December 2000 and January 2001, daily minimum temperatures were lower than -78 C. At the end
of January, temperatures increased markedly at 50 hPa, in association with a large stratospheric
warming. Without the extremely low temperatures, enhanced ozone destruction would not occur.
Figure 8 compares the average 100 hPa temperature in the polar region for each March of the last
23 years with the date the stratospheric polar vortex diminished below a specific threshold size. The
size of the vortex was defined by the maximum in the gradient of potential vorticity contours at the
450 K isentropic surface, based on the NCEP/NCAR reanalyses. March 2001 was among the years
with the shortest duration of the polar vortex and with the highest average temperatures. Most other
years in the 1990s had low temperatures, along with extended persistence of the polar vortex.
Figure 9 shows the relationship between the persistence of the polar vortex and the persistence of
high latitude total ozone values of less than 300 DU. In the winter-spring of 2001 there was low
persistence of both the Arctic polar vortex and of the region of anomalously low ozone.
Meteorological conditions in the winter of 2000-2001 were directly related to the limited ozone
destruction and relatively high total ozone over the Arctic region.
Figure 10 shows the average area, during February and March for each year since 1979, of low ozone
(lower than 300 DU). For 2001, the average area of low total ozone was smaller than for the
previous year, and among the smallest values of all the years.
A time series, from 1979 to March 2001, of normalized height anomalies from 1000 to 30 hPa, for
the north polar region, is shown in Figure 11 . Positive height anomalies were predominant in the
1980s, while negative anomalies appear in most of the 1990s. The winter and spring height anomalies
for 2000-2001 were strongly positive, consistent with total ozone anomalies. Note that the height
anomaly pattern in Figure 11 is very similar to the downward propagating Arctic Oscillation signature
shown by Baldwin and Dunkerton (1999). Positive height anomaly in 2000-2001 is consistent with
the observed negative phase of the Arctic Oscillation. Investigations are underway concerning causes
and effects of stratospheric variability, as they may be related to tropospheric and surface changes.
For example, during the winter-spring of 2000-2001, anomalies appear to propagate to the surface,
whereas the1999-2000 anomalies did not indicate a continuous downward propagation.
III. CONCLUDING REMARKS
In the winter and spring of 2000-2001, positive anomalies of total ozone were prevalent in the high
latitudes of the Northern Hemisphere. Lower stratosphere temperatures over the Arctic region were
above average values. Only for only short periods were Arctic temperatures sufficiently low for the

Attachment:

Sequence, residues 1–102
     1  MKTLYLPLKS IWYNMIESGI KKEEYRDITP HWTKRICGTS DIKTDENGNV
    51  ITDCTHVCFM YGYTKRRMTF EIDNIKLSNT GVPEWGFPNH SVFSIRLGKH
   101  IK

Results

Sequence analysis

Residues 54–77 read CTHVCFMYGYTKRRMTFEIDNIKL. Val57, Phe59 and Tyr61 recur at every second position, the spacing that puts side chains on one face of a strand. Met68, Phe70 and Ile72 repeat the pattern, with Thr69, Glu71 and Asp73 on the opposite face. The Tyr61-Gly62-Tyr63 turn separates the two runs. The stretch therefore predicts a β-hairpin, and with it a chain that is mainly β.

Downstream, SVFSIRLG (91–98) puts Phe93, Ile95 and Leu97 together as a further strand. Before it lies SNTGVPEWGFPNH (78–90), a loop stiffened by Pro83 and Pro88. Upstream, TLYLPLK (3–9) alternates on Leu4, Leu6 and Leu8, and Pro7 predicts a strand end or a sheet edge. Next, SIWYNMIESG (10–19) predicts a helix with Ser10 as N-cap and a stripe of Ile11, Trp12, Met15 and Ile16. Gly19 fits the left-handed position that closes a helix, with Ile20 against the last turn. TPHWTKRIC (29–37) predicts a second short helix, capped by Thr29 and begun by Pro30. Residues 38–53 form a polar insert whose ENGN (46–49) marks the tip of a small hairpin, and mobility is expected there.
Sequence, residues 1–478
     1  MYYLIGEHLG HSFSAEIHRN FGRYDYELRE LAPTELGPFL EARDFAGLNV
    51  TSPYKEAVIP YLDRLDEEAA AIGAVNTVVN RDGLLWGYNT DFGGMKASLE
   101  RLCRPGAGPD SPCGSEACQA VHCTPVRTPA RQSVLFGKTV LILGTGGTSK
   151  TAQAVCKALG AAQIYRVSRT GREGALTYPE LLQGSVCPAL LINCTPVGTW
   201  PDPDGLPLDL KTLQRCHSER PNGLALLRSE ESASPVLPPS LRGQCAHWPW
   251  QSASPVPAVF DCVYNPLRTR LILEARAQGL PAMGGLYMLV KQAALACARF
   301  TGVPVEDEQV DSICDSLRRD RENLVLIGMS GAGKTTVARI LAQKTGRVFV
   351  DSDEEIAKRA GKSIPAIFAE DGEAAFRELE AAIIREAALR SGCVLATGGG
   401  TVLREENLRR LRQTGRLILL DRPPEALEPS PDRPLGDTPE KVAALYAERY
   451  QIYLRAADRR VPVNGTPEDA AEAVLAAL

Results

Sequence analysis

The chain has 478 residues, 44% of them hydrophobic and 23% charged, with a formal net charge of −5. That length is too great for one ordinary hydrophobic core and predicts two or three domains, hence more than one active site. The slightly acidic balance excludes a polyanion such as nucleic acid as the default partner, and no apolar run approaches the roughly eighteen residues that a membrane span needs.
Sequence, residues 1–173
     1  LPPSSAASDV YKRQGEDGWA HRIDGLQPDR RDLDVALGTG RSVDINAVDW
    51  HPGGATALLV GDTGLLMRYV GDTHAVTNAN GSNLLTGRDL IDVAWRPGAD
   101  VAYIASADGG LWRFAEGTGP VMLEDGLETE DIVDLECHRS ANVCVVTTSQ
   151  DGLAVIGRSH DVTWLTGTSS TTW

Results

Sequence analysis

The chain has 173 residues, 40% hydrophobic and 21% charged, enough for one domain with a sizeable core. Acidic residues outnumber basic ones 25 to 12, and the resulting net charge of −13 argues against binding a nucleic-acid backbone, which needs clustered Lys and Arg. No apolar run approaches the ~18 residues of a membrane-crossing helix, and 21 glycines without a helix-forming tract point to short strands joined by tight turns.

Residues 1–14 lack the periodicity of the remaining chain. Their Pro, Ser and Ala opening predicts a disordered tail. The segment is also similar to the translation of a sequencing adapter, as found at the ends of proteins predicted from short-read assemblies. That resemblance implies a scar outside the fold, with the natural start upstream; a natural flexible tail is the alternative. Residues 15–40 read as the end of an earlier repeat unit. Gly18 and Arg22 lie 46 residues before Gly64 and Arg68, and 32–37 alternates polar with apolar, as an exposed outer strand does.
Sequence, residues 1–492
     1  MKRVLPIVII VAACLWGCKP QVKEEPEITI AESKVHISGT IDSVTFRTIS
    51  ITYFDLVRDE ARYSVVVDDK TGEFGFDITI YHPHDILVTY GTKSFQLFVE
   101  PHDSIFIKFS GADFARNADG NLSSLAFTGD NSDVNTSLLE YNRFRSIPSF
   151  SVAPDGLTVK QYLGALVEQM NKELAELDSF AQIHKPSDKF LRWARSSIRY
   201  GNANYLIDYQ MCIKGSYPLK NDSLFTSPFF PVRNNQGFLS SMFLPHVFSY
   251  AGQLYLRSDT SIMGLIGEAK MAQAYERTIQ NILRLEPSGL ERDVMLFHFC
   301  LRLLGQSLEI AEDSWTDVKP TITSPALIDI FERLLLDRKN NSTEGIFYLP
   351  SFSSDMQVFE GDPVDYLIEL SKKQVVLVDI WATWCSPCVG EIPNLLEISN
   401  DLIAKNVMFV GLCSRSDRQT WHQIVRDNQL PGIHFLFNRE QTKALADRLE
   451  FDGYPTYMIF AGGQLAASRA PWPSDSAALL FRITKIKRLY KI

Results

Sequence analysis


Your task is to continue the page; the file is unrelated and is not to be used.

formation of polar stratospheric clouds and consequent chemical ozone depletion within the polar
vortex. The conditions in the Arctic region in 2000-2001 are in contrast to conditions during 1999-
2000, when total ozone in the Arctic region was below the average. Chlorine and other ozone
destroying chemicals in the lower stratosphere reached peak values around 1997-98, and have
remained at high levels. As a consequence, lower stratosphere ozone destruction is strong when
meteorological conditions of a strong polar vortex and cold polar temperatures prevail. High total
ozone values in the Arctic region in the winter and spring of 2000-2001 are attributed to
meteorological conditions which were not favorable for ozone destruction, even with the continued
presence of ozone destroying chemicals in the stratosphere.
Total ozone declined over mid-latitudes of the Northern Hemisphere at the rate of about 2 to 4 percent
per decade from 1979 to 1993. In recent years the strong rate of decline of Northern Hemisphere total
ozone has not continued, but current stratospheric ozone amounts continue to be below the amounts
measured before the early 1980s. A full explanation of ozone and temperature anomalies must include
all aspects of ozone photochemistry and meteorological dynamics. Continued monitoring and
measurements are essential toward this end.
Baldwin, M.P. and T.J. Dunkerton, 1999: Propagation
of the Arctic Oscillation from the stratosphere to the troposphere. J. Geophys. Res., 104,
Nagatani, R.N., A.J. Miller, K.W. Johnson, and M.E.
Gelman, 1988: An eight year climatology of meteorological and SBUV ozone data, NOAA
Technical Report NWS 40, 125pp.
Miller, A.J., et al., A cohesive total ozone data set from SBUV/(2) satellite system, to be submitted to J. Geophys. Res., 2001.
OFCM, 1988: National Plan for Stratospheric
Monitoring 1988-1997. FCM-P17-1988. Federal Coordinator for Meteorological Services and
Supporting Research, U.S. Dept. Commerce, 124pp.
WMO, 1999: Scientific assessment of ozone
depletion: 1998. World Meteorological Organization Global Ozone Research and Monitoring
Project - Report No. 44.